The finding, based on an unusual study using microphones to measure the insects’ flight, suggests another way to control a variety of illnesses transmitted by mosquitoes.
Research by the University of Wisconsin School of Medicine and Public Health looked at two species of mosquito to see if there were changes in their flight activity based on their infection status.
“We used microphones that measure how often the mosquitoes beat their wings and lasers that detect movement,” said Dr. Rob Striker, associate professor of medicine at UW and a researcher at the UW Hospital infectious disease clinic. “These lab measurements are proxies for mosquito flight in the real world, and how often and far they can spread the viruses that they carry.”
Another recent study showed these types of viruses do change mosquito behavior, but this study is the first to address how the behavior is changed.
Results of the study were published this month in the journal Vector-Borne and Zoonotic Diseases.
The mosquitoes were exposed to protein kinase G (PKG), a substance that activates a particular behavioral pathway in mosquitoes. Striker and his research group had earlier shown this pathway was activated by insect-borne viruses such as dengue and West Nile. The pathway was known to regulate the behavior of non-disease carrying insects, but had never been used in experiments with mosquitoes.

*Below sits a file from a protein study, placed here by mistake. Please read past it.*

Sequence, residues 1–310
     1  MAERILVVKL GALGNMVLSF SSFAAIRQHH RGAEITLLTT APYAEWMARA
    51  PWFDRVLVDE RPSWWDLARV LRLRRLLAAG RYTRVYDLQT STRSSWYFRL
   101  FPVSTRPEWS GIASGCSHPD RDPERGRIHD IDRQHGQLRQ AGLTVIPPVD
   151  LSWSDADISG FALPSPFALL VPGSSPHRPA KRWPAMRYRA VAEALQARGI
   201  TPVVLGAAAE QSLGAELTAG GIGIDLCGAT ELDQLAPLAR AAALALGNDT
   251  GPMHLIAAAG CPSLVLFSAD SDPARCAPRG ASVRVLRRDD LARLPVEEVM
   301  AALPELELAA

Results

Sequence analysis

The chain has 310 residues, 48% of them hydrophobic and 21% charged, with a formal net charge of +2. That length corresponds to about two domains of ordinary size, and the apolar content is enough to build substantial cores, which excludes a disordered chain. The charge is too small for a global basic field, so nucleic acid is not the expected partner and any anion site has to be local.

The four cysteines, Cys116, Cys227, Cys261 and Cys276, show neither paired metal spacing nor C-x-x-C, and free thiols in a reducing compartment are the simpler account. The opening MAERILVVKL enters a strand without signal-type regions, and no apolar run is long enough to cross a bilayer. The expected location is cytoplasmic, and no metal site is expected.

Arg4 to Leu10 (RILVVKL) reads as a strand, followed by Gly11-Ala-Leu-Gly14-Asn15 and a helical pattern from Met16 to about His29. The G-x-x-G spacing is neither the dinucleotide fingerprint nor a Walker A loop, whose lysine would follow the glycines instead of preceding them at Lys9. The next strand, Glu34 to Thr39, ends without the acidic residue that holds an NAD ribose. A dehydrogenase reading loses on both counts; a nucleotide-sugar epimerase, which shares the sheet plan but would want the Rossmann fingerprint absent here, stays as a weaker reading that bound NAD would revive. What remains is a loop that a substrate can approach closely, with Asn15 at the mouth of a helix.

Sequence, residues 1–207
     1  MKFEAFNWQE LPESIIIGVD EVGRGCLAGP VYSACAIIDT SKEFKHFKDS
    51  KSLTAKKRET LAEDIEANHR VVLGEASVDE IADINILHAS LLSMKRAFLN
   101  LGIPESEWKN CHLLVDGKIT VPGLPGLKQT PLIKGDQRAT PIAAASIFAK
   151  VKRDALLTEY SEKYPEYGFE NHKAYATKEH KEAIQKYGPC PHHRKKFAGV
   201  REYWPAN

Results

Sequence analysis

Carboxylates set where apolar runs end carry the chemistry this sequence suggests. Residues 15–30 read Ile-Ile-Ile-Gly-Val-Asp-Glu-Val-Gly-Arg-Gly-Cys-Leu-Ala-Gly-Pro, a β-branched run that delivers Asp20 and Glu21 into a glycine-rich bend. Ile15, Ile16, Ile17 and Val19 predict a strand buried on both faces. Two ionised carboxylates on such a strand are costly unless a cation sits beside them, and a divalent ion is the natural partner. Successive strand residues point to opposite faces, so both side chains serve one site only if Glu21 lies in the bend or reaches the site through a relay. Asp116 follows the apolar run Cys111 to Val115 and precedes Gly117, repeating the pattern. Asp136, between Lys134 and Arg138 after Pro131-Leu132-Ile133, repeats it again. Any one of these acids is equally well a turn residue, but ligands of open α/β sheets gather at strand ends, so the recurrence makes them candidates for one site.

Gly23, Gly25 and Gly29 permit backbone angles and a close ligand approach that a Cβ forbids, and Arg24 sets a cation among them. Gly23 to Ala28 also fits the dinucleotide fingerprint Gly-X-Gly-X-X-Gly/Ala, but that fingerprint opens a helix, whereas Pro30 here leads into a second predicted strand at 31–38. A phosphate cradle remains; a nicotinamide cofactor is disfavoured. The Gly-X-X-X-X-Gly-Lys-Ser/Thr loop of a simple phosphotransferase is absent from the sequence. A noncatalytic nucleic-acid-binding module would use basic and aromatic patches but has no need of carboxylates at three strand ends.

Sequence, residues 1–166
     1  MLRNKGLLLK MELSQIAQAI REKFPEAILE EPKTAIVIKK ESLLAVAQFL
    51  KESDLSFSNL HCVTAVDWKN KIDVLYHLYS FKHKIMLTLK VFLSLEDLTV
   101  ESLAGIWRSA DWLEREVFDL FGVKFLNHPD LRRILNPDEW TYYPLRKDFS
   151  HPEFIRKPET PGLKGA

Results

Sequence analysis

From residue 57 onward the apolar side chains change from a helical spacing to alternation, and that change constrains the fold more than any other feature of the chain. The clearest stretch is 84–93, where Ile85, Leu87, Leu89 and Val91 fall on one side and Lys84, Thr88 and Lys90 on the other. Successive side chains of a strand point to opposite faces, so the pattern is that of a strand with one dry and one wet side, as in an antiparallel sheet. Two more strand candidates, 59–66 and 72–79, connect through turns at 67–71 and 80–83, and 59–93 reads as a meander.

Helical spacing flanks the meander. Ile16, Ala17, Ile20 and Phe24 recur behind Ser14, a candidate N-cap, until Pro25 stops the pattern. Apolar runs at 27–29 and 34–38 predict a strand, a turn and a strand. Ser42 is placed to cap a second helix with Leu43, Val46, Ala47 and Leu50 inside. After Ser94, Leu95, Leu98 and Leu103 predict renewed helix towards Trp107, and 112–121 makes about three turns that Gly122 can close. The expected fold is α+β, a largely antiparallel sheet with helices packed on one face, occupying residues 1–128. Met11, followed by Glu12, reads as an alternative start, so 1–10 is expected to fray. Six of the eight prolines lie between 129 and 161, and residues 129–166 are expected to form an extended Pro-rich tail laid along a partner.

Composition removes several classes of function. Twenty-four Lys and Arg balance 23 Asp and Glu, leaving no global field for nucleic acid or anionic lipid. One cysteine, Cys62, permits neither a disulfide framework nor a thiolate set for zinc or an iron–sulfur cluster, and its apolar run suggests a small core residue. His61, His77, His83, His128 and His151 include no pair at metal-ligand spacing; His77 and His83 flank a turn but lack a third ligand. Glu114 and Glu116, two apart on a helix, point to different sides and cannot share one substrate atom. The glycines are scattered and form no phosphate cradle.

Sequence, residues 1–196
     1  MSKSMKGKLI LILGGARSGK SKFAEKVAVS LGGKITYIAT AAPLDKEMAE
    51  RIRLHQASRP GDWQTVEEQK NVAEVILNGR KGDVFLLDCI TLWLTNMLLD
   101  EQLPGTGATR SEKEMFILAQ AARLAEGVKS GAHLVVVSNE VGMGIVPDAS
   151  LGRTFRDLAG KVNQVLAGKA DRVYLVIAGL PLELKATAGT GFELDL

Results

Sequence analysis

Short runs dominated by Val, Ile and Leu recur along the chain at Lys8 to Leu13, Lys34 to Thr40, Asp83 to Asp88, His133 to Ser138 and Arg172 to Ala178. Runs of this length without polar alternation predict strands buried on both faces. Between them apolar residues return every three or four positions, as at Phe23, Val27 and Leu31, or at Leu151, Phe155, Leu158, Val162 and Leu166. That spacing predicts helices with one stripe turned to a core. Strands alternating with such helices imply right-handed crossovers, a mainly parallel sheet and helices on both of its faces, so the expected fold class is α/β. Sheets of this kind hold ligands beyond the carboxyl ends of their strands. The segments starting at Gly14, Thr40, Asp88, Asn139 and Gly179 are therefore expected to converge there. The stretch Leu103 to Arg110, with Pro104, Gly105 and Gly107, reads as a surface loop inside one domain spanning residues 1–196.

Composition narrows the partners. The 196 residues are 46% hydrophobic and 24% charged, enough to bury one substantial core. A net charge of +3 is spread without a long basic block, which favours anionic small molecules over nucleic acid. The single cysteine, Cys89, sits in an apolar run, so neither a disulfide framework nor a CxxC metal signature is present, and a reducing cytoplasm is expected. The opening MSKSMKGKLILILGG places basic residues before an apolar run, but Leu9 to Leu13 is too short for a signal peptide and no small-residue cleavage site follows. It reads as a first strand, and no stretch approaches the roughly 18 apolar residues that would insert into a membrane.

The results showed increased wing and flight activity in mosquitoes that were given the PKG activator.
Striker said these findings could help in efforts to control mosquito-transmitted illnesses and ultimately curtail the number of West Nile virus and dengue cases that are diagnosed.
“It means that infected mosquitoes may behave differently than uninfected, flying farther and perhaps changing where mosquito-control measures are applied,” he said. “This research describes some of the steps needed for viruses to be efficiently transmitted by mosquitoes, and by knowing these steps we can better intervene to stop them.”
Striker added this pathway occurs in two different types of mosquitoes, and both carry viruses such as dengue, West Nile, and malaria.
Many people infected with West Nile virus develop very mild symptoms and not even know they have an illness. However, in severe cases, the virus may cause high fever, headaches, chills, excessive sweating, fatigue, swollen lymph nodes, drowsiness and gastrointestinal problems such as nausea, vomiting, loss of appetite and diarrhea. Nationally, nearly 5,700 people were diagnosed with West Nile virus in 2012, resulting in 286 deaths.
Globally, infections from dengue, a tropical disease that may cause a high fever, severe pain in the joints, muscles and eyes, headaches, and bleeding, are increasing. It is thought at least 100 million dengue infections occur annually, resulting in 12,000 deaths, most of them women and children.
There are no vaccines to prevent West Nile virus or dengue.
University of Wisconsin School of Medicine and Public Health